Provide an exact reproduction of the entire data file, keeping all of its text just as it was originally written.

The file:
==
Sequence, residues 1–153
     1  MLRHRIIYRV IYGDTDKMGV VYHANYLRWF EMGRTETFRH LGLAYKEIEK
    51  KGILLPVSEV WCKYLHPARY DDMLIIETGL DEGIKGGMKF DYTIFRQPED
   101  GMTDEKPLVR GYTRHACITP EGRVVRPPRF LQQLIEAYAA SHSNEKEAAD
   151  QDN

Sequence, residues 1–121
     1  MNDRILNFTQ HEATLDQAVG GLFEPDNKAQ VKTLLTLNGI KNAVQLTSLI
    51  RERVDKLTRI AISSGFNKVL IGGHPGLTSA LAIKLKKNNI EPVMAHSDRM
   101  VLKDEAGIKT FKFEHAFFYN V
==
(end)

Sequence, residues 1–153
     1  MLRHRIIYRV IYGDTDKMGV VYHANYLRWF EMGRTETFRH LGLAYKEIEK
    51  KGILLPVSEV WCKYLHPARY DDMLIIETGL DEGIKGGMKF DYTIFRQPED
   101  GMTDEKPLVR GYTRHACITP EGRVVRPPRF LQQLIEAYAA SHSNEKEAAD
   151  QDN

Sequence, residues 1–121
     1  MNDRILNFTQ HEATLDQAVG GLFEPDNKAQ VKTLLTLNGI KNAVQLTSLI
    51  RERVDKLTRI AISSGFNKVL IGGHPGLTSA LAIKLKKNNI EPVMAHSDRM
   101  VLKDEAGIKT FKFEHAFFYN V